21 November 2013

Does your workspace ever look like this?

Yesterday I revisited the drawer in which all the fabric I printed at college is stored, sorting it as it came out into the light of day -
That doesn't look particularly sorted, does it? That's because most of the sorting is taking place in other parts of the room - on the workbench, for instance -
and on the ironing board (that tablecloth on the chair will come in handy at the craft fair) -
At this point I was so overwhelmed by "everything, everywhere" that I took some photos and went into the other room to escape. But it's at the point where everything is most muddled up that it can start to get so much better - you're ready to do something drastic, and often doing something drastic is exactly what's needed. In this case, it was a simple matter of quickly writing down the ideas and putting everything away tidily.

What seems to happen is that you see these forgotten fabrics and get ideas for projects that ALL seem to need to be worked on at once, starting now - hence the befuddlement, the loss of sense of purpose. Yet you have only one pair of hands and there are only so many hours in the day... It seems to help to say to yourself, "I'll work on this right now, and do those later." Which sounds self-evident - but it can take years to come to that point!

Here are some of the fabrics I'd forgotten about - they quickly got put back in the drawer for another time -

During the turmoil of sorting, another idea for the "All in a Day's Work" CQ challenge quilt (due 1st Dec...) emerged - a sketchy version is laid out at the far end of the workbench in the photo above, which doesn't give much away does it! Lots more fabric for the little needle-books appeared, too, but the search for the perfect fabric for their "pages" goes on - or rather, I'm trying not to delve too deeply in search of it, because what will happen is a repetition of the turmoil of today.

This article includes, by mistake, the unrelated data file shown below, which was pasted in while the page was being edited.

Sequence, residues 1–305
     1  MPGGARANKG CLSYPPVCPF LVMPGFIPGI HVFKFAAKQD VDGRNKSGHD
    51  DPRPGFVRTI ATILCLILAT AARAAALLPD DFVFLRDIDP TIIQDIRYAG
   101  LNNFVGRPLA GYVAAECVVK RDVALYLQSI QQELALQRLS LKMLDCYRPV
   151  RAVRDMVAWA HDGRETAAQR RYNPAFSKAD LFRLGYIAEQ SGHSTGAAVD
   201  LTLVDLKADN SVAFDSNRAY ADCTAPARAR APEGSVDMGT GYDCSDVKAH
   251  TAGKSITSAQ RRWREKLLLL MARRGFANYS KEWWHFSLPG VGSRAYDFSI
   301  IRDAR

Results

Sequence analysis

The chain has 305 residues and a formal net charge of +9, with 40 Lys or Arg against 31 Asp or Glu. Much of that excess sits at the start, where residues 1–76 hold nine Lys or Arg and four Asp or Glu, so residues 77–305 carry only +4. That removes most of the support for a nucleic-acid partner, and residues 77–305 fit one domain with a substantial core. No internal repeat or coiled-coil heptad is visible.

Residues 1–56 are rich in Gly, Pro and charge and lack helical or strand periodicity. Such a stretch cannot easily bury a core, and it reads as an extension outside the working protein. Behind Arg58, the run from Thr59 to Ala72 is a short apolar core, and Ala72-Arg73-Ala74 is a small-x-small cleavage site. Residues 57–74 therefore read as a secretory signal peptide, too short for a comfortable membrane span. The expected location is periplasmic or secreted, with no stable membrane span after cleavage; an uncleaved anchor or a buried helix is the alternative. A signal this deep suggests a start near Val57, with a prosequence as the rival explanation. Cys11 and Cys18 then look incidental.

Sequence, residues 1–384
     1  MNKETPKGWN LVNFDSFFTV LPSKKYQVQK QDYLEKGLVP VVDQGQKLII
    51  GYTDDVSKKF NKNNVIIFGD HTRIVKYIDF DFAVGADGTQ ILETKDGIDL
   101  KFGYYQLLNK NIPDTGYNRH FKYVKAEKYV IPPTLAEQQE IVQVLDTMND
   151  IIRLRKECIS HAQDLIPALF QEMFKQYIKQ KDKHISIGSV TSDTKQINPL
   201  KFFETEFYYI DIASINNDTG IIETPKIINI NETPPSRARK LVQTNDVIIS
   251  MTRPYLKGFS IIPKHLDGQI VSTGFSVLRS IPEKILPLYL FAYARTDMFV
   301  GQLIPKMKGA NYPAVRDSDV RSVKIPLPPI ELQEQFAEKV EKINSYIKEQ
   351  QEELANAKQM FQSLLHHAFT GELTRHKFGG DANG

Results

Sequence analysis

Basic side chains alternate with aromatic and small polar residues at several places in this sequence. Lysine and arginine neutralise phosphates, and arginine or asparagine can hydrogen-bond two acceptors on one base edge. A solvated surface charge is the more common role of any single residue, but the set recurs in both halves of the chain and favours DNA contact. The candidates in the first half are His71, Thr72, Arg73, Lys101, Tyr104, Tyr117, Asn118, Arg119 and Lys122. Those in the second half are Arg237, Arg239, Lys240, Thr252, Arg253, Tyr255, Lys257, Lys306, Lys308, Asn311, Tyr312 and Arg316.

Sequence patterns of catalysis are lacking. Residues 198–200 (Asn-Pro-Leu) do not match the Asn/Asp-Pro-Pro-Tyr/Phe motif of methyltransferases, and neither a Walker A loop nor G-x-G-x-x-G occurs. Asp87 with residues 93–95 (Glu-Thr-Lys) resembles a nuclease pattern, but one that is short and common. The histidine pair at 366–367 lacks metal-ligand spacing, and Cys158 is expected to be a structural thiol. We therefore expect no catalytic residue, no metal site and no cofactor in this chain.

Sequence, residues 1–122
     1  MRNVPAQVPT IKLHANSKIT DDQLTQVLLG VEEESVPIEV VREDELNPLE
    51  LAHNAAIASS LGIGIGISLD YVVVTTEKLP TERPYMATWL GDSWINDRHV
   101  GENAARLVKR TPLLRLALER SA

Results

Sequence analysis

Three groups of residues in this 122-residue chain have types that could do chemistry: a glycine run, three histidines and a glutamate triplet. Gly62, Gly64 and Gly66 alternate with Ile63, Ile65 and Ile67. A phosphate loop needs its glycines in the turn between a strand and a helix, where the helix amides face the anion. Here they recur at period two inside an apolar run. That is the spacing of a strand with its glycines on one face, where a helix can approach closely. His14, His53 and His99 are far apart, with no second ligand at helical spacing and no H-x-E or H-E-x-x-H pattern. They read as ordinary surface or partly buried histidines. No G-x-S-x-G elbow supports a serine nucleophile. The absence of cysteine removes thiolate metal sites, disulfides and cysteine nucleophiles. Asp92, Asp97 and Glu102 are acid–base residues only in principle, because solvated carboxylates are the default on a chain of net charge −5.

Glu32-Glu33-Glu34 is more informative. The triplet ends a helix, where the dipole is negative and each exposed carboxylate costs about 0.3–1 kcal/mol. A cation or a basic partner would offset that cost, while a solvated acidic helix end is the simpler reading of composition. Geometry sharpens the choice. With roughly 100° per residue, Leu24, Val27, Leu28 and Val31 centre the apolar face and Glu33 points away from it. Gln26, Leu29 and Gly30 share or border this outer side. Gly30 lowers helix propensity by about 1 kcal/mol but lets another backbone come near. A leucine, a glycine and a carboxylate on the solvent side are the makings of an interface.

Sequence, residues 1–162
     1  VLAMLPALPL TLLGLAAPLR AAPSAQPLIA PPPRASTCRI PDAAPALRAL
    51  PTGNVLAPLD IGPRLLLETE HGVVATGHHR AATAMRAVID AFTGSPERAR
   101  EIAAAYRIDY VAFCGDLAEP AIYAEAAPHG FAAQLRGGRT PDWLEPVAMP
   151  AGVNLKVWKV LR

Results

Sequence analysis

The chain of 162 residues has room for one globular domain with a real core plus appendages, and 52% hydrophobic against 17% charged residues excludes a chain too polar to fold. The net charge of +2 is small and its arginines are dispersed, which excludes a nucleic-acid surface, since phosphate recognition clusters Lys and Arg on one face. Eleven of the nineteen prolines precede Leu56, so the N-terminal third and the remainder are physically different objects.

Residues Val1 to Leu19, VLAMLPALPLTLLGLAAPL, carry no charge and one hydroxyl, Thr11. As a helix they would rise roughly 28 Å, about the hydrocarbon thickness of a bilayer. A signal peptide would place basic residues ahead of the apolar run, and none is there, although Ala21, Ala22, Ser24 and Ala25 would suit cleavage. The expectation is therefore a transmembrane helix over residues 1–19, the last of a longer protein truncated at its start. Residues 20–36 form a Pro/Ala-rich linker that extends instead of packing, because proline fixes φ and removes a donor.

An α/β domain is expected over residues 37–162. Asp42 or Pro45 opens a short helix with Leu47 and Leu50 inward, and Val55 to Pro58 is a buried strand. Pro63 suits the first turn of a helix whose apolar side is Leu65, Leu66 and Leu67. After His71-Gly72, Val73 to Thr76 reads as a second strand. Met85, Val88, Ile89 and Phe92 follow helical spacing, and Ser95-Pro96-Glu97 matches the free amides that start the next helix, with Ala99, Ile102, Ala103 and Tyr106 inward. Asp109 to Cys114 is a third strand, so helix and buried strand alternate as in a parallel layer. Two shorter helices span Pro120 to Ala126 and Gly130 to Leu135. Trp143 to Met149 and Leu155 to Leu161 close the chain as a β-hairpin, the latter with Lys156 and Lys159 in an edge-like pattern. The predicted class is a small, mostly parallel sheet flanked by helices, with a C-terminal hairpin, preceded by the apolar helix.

This week, my goal of six sewing kits is still far away - but a red-and-yellow one is laid out in preliminary compostition stage on the ironing board -
and most of those fabrics will be used to make one or two others in a similar colourway. It's grouping the fabrics that is the big job for each of these little objects.

The deconstructed drawer is wonderfully tidy; the workbench (and floor) is clear. I can think again, and am motivated - empowered, even! - to keep sewing.


magsramsay said...

ah, sorting on the ironing board, I know it well ( and a good excuse for not ironing that stack of shirts in the basket...)

Kathleen Loomis said...

if my workspace looked this empty and organized I would be the happiest person around.

irene macwilliam said...

How interesting other people's bits are. Yours have so many associations of college, workshops etc, they are also a historical record of your life in textiles